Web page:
Embossed Scrapbook Paper

Dana Hinders
Layouts made with embossed paper have a unique appeal.

When you're looking for something with a little more flair than ordinary patterned paper, embossed scrapbook paper may be just what you need to finish your layout.

Add Style to Your Layouts with Embossed Scrapbook Paper

Using embossed paper in your scrapbooks is a great way to add dimension and texture to your pages without unnecessary bulk. Embossing is also a very affordable technique for the scrapbooker on a tight budget.

Dry Embossing

Dry embossing is the process of using a stylus and stencils to create a raised design on your paper. The end result is subtle yet sophisticated and elegant, making embossing suitable for a variety of layout styles. For example:

  • You can tear a strip of embossed paper to create a simple page border.
  • Embossing a photo mat is a great way to draw attention to your layout's focal point.
  • Emboss a design on a tag and accent it with pretty ribbon or fibers to create a one-of-a-kind embellishment.

To create an embossed design on your cardstock, vellum, or patterned paper:

  1. Choose a stencil with a design that fits the theme of your layout. Florals and geometric shapes are popular options for dry embossing, but you can emboss almost any design you want.
  2. Secure your stencil to a light box or other sturdy work surface.
  3. Turn your paper upside down and place it on top of the stencil.
  4. Use gentle pressure to trace your design with the embossing stylus, taking care not to accidentally tear your paper. Use the large end of the stylus for general outlines and add details with the smaller end of the tool.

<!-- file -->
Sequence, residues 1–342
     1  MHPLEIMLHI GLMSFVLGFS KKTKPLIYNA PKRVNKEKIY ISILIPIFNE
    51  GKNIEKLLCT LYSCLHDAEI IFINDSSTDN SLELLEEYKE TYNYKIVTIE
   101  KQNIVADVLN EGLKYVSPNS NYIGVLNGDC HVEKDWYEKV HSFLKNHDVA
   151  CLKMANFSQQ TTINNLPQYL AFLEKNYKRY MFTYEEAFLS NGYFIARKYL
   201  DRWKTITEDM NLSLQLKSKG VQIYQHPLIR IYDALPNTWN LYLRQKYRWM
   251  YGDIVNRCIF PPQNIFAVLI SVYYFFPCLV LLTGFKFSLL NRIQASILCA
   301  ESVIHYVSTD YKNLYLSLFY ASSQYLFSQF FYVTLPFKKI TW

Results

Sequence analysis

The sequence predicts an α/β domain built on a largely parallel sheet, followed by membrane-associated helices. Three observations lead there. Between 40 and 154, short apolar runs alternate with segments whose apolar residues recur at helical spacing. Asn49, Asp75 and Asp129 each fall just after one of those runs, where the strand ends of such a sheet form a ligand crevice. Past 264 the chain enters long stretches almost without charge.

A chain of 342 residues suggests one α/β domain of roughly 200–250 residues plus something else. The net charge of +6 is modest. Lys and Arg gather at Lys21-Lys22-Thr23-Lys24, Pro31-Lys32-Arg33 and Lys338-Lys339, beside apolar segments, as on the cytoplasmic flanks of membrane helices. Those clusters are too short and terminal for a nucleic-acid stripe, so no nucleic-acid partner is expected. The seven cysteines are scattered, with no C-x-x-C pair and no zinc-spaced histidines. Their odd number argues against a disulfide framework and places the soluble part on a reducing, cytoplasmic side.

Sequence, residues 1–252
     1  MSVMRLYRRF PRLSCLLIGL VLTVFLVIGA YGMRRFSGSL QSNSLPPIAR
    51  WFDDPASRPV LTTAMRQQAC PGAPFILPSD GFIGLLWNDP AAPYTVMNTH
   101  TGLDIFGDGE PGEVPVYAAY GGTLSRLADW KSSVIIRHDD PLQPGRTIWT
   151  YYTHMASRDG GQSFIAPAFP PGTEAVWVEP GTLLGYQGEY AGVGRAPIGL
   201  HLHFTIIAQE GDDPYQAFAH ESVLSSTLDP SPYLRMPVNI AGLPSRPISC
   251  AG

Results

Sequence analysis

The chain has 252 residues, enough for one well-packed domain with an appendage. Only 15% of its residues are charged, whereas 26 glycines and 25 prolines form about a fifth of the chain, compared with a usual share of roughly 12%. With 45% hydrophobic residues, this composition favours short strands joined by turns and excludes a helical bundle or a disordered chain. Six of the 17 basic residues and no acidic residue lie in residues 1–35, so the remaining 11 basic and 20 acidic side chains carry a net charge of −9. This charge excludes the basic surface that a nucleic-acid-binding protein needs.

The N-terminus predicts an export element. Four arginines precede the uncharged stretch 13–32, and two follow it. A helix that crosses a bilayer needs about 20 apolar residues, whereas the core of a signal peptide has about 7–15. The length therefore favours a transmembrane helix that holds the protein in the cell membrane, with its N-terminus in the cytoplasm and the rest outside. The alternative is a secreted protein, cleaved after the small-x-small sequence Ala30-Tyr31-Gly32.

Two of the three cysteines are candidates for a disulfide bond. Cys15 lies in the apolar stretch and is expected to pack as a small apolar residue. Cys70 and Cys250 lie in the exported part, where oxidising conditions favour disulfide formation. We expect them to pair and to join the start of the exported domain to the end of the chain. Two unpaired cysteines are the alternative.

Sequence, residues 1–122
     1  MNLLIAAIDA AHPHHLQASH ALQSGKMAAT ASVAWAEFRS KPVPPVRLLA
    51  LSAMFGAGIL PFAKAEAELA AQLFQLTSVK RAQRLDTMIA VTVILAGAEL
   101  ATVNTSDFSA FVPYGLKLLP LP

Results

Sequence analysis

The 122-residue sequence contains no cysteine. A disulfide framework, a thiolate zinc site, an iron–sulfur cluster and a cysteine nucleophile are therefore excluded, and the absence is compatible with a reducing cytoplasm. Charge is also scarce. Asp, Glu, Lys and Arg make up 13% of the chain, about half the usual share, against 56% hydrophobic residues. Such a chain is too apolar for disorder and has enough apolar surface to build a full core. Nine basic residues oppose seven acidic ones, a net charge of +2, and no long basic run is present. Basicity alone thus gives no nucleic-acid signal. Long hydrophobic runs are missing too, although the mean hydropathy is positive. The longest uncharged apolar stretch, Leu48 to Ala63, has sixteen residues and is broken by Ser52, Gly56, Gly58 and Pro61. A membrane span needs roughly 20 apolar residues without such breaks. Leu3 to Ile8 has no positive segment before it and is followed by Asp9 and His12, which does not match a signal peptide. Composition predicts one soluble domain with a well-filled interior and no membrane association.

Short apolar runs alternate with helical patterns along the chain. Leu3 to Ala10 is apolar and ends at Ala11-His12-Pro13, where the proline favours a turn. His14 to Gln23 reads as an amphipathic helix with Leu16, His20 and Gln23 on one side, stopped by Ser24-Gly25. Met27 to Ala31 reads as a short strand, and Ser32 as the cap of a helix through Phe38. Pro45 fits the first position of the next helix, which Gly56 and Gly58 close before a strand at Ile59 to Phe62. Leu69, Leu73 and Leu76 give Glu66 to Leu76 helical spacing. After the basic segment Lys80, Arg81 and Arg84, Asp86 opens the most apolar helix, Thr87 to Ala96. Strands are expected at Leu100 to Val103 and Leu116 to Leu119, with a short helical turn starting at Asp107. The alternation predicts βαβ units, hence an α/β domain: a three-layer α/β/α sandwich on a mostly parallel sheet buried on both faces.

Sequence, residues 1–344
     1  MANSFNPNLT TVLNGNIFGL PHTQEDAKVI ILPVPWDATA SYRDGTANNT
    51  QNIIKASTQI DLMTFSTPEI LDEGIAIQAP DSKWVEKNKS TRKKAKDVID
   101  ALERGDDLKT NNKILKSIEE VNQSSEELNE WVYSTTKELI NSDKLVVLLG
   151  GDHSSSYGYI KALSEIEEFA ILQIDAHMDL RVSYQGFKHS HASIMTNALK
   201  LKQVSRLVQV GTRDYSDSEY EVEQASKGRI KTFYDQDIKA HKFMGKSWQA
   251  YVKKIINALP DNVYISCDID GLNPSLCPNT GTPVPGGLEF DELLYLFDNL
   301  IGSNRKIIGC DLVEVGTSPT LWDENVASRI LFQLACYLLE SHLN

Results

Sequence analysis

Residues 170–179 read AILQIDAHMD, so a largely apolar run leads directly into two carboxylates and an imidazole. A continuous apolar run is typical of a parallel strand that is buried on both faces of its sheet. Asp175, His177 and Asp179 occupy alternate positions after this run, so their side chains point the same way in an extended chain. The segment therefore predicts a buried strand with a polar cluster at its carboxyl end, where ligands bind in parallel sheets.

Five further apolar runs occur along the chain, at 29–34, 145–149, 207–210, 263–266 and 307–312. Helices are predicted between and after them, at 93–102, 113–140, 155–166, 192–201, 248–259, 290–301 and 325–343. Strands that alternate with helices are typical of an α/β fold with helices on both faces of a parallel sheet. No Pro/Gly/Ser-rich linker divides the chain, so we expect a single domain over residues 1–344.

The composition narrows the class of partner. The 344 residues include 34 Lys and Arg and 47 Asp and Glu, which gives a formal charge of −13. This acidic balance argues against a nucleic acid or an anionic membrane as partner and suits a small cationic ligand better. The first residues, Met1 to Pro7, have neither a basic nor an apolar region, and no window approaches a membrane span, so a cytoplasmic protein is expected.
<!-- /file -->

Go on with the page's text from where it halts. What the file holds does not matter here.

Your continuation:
5. Flip your paper over to look at your finished design.
  6. If you wish, add color to the embossed design using scrapbook chalk.

To learn more about dry embossing, check out the following helpful links:

Heat Embossing

While most people who talk about embossed scrapbook paper are referring to paper that has been dry embossed, heat embossing is another great technique to add to your layouts. Heat embossing involves using rubber stamps, pigment ink, embossing powder, and a heat tool to create a raised image. This technique is very popular in card making, but can easily be applied to your scrapbook pages as well. For example:

  • You can use letter stamps to heat emboss a title for your layout.
  • Heat embossing is a useful technique for creating unique photo corners.
  • On your next layout, try stamping a design to use as a decorative border or photo frame.

To make a heat embossed design on your cardstock, vellum, or patterned paper:

  1. Select a rubber stamp that complements your layout's theme. You can emboss with wood-mounted or clear acrylic stamps, depending upon your personal preferences.
  2. Stamp the image onto the paper using pigment ink. If you're not sure what type of ink you have available, read the label carefully. You can't heat emboss using dye ink because the ink will dry too quickly.
  3. Sprinkle embossing powder over the stamped image. If you use too much powder, simply pour the excess back into the container.
  4. Use your heat tool to melt the powder until it appears raised and shiny.

For additional information about heat embossing, check out the following helpful links:

Embossed Scrapbook Paper